So, more and more, Bush’s features came to dominate my pictures. While I can’t say that my approach to caricature comes anywhere near the enthusiastically-rendered facial contortions that, in Dorian Gray fashion, embody Bush’s policies as delineated in the work of such masters as Steve Brodner in the U.S. and Steve Bell in the U.K., I nonetheless have contemplated the presidential visage with more intensity than is probably healthy for me. And, despite his eminently exaggerate-able features and expressions, I’ve found Bush a challenge and, even when getting the physical details right, quite elusive.
Many cartoonists mastered Richard Nixon’s face long before his presidency, but only a handful—most distinctively Edward Sorel—caught the demons lurking behind his widespaced, thick-lashed, darting eyes. Whatever one may say about Nixon’s presidency, part of our continuing fascination with him is the amalgam of calculation, intelligence, cruelty, and self-loathing that visibly manifested itself in such telltale signs as his gash of a smile and glistening upper lip. George W. Bush, on the other hand, offers mobile expressions that seem to be transparent in that they betray impatience, displeasure, discomfort, confusion, not to mention disingenuousness, in a myriad of public situations. But this repertoire of expressions is filtered through an overweaning self-regard that can lead you astray: to draw Bush well does not mean you actually capture him because entitlement and privilege are traits that don’t manifest themselves somatically.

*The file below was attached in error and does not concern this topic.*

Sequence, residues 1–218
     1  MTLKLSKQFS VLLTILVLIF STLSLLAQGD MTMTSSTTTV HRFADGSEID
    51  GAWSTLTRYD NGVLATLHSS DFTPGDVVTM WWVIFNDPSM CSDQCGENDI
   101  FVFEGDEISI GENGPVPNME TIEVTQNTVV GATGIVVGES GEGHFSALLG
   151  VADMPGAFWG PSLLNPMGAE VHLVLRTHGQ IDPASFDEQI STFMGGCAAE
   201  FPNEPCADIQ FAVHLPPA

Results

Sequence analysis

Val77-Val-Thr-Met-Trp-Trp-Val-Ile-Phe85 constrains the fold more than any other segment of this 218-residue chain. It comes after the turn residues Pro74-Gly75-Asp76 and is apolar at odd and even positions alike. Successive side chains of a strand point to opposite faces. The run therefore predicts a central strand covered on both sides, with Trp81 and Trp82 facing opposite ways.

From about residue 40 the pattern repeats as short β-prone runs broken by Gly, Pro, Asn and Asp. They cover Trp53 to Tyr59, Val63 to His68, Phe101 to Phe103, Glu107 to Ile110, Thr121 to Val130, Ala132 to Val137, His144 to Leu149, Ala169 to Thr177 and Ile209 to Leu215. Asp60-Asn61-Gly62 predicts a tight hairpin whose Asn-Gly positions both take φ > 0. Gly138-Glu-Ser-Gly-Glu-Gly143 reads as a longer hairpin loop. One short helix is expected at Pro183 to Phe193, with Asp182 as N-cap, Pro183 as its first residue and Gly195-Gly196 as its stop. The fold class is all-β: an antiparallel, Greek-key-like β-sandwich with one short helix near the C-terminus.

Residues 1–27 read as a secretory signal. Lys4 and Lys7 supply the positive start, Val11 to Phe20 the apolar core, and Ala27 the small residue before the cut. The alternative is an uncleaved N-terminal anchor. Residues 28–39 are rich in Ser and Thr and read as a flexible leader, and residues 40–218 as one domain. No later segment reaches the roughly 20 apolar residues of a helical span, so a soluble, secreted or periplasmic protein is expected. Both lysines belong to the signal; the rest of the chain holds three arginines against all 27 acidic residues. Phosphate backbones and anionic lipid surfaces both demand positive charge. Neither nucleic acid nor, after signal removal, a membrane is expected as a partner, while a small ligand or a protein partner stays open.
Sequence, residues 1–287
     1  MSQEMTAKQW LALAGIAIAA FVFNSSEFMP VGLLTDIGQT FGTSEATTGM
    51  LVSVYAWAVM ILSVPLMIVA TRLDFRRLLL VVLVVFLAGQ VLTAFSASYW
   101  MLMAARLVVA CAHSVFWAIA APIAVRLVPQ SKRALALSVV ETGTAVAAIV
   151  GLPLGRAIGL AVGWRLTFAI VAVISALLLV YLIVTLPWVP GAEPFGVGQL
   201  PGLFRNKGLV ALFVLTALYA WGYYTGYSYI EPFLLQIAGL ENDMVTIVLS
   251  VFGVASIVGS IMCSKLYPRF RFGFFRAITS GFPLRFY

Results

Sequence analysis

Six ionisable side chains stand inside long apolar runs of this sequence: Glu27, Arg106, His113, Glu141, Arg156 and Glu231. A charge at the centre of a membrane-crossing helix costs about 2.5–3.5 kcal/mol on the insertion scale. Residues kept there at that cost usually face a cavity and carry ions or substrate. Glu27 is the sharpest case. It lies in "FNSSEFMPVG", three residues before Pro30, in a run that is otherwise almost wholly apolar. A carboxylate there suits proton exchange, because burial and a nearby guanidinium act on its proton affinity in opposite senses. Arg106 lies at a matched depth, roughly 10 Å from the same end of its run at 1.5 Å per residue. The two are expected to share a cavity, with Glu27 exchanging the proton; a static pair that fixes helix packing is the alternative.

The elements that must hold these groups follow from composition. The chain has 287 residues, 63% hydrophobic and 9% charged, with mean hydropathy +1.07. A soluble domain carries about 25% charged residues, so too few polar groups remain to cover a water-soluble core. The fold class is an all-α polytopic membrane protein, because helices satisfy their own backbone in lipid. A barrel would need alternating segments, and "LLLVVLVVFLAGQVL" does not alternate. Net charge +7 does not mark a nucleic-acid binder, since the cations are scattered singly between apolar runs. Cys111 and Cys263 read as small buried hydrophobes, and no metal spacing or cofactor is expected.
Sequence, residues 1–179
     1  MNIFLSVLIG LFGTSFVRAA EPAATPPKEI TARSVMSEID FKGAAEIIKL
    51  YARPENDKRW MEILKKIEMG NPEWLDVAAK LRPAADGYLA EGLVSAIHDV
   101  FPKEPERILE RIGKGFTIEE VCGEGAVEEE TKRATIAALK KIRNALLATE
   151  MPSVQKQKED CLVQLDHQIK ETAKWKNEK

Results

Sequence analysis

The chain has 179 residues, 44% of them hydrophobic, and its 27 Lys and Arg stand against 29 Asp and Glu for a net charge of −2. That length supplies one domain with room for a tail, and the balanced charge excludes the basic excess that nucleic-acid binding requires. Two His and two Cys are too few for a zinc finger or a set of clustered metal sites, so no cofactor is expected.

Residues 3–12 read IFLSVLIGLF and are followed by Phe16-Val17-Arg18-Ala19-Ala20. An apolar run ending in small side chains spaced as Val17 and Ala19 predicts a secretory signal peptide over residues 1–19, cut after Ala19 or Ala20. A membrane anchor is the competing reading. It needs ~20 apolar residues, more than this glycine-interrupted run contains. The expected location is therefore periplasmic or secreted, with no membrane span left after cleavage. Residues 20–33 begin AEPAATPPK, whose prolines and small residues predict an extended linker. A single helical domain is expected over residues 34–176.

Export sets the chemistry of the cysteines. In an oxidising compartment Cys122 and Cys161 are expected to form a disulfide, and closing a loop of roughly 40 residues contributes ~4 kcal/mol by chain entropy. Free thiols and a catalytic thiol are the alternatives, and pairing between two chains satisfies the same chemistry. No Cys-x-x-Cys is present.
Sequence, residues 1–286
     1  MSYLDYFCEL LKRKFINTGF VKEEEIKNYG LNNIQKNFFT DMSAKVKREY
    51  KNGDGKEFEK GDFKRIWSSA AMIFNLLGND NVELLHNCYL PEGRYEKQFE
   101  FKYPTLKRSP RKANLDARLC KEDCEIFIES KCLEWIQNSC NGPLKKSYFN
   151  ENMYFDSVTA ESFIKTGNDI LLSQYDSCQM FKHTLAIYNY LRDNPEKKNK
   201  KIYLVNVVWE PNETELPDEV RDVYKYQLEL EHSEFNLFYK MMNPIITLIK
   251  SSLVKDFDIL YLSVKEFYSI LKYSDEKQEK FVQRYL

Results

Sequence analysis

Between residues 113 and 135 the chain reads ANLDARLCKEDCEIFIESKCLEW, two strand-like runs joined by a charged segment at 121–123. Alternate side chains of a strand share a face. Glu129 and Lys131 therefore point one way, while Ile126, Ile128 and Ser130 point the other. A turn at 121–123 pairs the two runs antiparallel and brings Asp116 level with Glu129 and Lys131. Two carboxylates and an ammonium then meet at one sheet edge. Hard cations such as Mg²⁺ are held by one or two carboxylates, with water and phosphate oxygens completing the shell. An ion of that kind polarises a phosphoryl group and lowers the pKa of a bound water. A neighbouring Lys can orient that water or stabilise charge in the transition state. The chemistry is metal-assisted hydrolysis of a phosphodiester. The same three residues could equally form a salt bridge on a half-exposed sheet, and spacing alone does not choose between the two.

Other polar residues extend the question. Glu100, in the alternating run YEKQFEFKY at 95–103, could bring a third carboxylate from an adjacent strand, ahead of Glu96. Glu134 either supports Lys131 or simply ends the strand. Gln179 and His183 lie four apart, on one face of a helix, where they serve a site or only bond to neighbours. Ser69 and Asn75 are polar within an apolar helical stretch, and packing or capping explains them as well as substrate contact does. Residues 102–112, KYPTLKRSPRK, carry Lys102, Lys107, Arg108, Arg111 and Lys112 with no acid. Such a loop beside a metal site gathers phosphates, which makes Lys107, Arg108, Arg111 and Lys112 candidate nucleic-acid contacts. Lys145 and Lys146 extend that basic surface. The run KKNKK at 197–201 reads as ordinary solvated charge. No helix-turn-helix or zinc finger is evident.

There are times I think I’ve come close to rendering the essential Bush, but more often, even when I know I have distorted his features in such a way that they are more accurate than his own countenance and also embody the particular blunder or malfeasance about which I’m commenting, as far as I’m concern he’s still not really there. In contrast, Cheney’s a piece of cake.
Inevitably, pace our 43rd president, one looks back on these years with some regret. Like most bloggers, I would have liked to reach more people—although, as a member of the generation who matured before the Internet age, my expectations about circulation were far surpassed by the startling viral reach of the Web (in my case assisted by occasional appearances on such well-trod sites as MotherJones.com, Guardian.co.uk, and HNN. While I may have wished some drawings were rendered better—or at least closer to what was in my mind’s eye—there were none I regret doing. I don’t even regret the repetition of blood as metaphor and as reality, or my one gleeful lapse into scatology. Indeed, on reflection, I only wish I had been more outrageous.
I do wish I had found more opportunities to balance my response to immediate events with a historical perspective. Or, when I did, to more often move beyond predictable analogies, such as several drawings that referenced the ghosts of administrations past. Nevertheless, as we bid an unfond farewell to this administration, I’m working on a series of “Transition Portraits" that offer a historical evaluation of the last eight years. And, as we move into the Obama era, I remain all too aware that George W. Bush’s ghost, and I’m sure occasionally his face, will continue to haunt my drawings . . . not to mention all of our lives.
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James Jude Simonelli - 1/19/2009
Drawing and coloring Bush and his henchmen in this manner may be the only images of him I can tolerate.
Thank you for capturing his facade and falsehoods so irreverently.